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The Commonspace

summer 2006 / communities :: email this story to a friend

Where the Door Stays Open
By Amanda E. Doyle

Seems highly symbolic, the front door of the cheery little space on the corner of Arsenal and Gravois: upon pulling it open, you'll find you have ample time to make your entrance and be well inside the bright, renovated front room before it gradually — slowly — starts to ease shut. Imagine, if you're fully able-bodied, how much relief that would bring the person using a wheelchair, or crutches, or navigating the opening with a service dog in tow. Imagine that, and you're starting to get the point.

open-door policy The 3D Resource Book Center opened its doors in March of 2005, with the mission of providing an accessible location for individuals seeking information regarding disabilities and self-determination. That goal is met largely through the shop's shelves of books and other material for sale on topics ranging from "grief & loss" and "feelings" to "conflict resolution." (One typical title: "Guts! 27 Courageous People and Their Triumphs Over Adversity.") It's an outreach program of MRDD, the St. Louis Office for Mental Retardation and/or Developmental Disability Resources. The "3D"s of the name refer to disability, diversity and self-determination. Besides the new books, the center offers free Internet access, used books/magazines for sale on just about every topic, coffee drinks and packaged snacks for sale, and periodic special events including a book club and movie nights. Past book clubs have discussed Chinua Achebe's "Things Fall Apart," "Tuesdays with Morrie" and the scandal-ridden James Frey memoir "A Million Little Pieces." Both the book and film selections are carefully chosen, to provide for attendees a glimpse into the lives of individuals who experience life in different ways, whether physically, mentally or culturally.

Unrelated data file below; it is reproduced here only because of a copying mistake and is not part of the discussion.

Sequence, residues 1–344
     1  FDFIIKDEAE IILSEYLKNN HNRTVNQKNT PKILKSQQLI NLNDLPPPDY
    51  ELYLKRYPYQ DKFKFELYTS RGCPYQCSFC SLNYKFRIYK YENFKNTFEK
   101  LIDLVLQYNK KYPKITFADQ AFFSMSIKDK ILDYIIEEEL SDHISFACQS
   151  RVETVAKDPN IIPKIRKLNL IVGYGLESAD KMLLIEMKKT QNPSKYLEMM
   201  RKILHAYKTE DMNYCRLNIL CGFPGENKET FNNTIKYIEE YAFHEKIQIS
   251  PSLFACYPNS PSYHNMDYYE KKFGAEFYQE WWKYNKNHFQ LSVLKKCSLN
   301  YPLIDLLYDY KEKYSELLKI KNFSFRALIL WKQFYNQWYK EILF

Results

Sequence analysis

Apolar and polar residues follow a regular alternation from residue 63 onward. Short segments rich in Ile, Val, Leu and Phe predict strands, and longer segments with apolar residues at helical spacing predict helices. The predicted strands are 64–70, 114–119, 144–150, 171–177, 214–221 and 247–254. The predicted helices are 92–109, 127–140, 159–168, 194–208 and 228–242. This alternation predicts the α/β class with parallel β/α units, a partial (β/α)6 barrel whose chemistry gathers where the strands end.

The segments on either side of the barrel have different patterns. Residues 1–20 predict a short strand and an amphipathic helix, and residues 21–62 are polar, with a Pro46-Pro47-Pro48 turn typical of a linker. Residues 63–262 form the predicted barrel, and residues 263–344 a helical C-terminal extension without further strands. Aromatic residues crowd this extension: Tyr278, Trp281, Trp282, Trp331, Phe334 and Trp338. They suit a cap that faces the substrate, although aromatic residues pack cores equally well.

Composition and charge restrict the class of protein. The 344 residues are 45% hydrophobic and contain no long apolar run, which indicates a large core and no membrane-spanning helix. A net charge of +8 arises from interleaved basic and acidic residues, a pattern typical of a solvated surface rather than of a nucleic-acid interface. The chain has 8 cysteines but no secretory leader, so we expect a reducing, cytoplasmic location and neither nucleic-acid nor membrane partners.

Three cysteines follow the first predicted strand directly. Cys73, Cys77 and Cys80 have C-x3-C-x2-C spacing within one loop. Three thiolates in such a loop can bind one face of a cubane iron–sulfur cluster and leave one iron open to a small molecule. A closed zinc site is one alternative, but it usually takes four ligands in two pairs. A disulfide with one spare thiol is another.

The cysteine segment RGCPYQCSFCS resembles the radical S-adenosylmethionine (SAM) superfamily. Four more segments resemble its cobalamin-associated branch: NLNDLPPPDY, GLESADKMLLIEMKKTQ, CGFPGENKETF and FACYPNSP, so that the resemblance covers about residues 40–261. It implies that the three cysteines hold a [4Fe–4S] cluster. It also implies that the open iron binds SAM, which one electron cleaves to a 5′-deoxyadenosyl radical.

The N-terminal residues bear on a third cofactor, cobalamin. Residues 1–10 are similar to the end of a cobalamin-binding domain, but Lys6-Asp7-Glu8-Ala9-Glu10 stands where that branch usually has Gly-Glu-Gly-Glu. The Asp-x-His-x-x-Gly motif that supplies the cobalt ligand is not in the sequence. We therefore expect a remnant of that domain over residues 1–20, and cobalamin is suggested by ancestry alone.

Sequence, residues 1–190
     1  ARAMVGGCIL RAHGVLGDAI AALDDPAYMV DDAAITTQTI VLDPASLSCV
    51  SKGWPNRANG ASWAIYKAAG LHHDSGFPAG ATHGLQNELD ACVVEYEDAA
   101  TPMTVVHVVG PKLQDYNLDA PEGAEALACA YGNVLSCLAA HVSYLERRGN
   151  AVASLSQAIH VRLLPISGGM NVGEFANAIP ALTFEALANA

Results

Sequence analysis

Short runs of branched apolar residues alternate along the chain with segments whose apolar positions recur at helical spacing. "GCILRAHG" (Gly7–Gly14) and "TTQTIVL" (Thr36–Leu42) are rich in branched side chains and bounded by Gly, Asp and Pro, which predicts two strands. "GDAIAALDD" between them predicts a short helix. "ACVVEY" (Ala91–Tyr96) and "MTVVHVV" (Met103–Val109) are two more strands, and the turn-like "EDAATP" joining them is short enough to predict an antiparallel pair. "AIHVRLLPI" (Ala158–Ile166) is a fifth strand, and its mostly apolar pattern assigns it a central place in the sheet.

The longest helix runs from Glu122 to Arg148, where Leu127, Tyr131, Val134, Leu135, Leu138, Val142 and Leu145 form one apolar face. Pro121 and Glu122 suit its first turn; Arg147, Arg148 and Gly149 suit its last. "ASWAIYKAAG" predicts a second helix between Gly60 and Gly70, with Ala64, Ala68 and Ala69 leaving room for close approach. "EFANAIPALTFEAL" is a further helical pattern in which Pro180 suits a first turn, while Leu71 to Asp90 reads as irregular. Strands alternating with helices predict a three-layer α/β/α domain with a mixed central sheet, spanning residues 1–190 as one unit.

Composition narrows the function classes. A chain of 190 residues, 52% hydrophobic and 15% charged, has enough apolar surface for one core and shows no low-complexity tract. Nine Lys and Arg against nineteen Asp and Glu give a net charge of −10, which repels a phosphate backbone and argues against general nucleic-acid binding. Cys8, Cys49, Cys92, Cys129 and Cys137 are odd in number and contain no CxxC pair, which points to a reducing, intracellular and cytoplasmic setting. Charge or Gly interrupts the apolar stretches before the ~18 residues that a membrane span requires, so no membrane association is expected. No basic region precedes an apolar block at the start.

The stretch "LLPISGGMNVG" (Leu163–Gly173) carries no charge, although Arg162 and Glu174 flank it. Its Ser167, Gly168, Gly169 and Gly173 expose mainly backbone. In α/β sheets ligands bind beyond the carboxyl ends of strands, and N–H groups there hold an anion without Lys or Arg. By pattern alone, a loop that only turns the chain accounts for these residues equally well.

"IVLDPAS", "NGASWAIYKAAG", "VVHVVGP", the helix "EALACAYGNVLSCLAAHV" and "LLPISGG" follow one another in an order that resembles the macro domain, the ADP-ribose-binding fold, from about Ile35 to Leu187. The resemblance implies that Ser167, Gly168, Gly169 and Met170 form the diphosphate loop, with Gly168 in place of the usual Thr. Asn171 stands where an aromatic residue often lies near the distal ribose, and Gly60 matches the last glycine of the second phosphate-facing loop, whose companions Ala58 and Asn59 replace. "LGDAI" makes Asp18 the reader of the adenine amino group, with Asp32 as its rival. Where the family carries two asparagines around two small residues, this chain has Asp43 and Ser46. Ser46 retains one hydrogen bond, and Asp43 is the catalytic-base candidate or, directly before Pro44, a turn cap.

welcoming ambiance Though the center certainly has the space and the welcoming ambiance to serve as a de facto community center, particularly for folks with special accessibility needs, staffer Rennie Baker told me the facility may have to move to only being open for special events, as income from the book and refreshment sales doesn't even come close to paying the bills. (Her salary is paid through Horizon Housing Development Company, allowing her to spend some of her time at the 3D center). Lately, an open mike night (run under the auspices of St. John's Episcopal Church) has been meeting on Monday nights in the space, but it's unclear if that and the other regularly scheduled events will remain viable.

In the meantime, should you find yourself near the Arsenal corner, swing around back for parking and take a look inside. There's a kids' corner full of art supplies and creative toys, and you might just find a book that swings open a door inside your mind.

The 3D Resource Book Center is open from 11 a.m.-4 p.m. Tuesdays, Thursdays and Saturdays, and for a variety of special events; see the website for current information, or call them at (314) 762-9742. Donations of used books are welcome.

© 2006 The Commonspace